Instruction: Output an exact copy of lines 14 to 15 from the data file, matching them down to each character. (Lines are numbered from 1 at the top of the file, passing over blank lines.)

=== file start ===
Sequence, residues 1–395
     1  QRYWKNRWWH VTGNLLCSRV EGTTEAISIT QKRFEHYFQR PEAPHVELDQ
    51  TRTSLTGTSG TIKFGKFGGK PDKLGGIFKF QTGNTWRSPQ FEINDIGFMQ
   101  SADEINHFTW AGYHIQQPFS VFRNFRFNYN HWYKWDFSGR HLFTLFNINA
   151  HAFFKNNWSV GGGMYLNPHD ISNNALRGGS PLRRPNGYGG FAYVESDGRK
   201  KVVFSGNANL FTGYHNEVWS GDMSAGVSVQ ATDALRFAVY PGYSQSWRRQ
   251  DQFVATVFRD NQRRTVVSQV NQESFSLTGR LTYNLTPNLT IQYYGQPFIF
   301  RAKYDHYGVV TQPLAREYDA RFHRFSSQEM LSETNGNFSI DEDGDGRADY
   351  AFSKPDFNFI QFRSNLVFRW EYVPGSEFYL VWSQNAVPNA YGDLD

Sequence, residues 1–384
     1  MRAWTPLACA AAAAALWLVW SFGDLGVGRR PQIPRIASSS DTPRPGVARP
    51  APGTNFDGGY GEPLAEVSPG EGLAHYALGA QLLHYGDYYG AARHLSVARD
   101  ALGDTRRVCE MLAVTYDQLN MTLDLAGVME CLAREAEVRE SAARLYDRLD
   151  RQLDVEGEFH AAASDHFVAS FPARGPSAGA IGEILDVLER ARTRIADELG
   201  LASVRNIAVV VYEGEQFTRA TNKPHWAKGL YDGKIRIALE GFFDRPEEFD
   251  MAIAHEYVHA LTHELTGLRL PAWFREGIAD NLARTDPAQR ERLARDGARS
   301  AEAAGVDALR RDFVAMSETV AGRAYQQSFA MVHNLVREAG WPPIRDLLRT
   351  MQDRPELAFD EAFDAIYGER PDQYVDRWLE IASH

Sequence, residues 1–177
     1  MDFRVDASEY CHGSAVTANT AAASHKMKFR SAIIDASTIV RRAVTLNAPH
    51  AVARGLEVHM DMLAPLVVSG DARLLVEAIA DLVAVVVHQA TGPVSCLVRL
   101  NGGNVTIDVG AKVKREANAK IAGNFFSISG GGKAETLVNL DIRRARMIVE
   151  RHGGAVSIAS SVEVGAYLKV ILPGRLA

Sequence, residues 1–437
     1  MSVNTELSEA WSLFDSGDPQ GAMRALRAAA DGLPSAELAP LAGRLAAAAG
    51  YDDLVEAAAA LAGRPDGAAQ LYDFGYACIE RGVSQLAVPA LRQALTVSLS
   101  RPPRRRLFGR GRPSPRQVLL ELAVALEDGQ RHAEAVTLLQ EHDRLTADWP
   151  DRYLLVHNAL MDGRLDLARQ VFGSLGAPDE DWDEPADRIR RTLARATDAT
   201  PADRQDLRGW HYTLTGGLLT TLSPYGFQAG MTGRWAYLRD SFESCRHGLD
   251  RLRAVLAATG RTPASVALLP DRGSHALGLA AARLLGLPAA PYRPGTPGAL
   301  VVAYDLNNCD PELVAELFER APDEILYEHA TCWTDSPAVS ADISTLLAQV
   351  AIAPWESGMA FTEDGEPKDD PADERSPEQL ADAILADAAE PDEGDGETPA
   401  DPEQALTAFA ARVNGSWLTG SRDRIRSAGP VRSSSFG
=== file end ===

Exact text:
   151  RQLDVEGEFH AAASDHFVAS FPARGPSAGA IGEILDVLER ARTRIADELG
   201  LASVRNIAVV VYEGEQFTRA TNKPHWAKGL YDGKIRIALE GFFDRPEEFD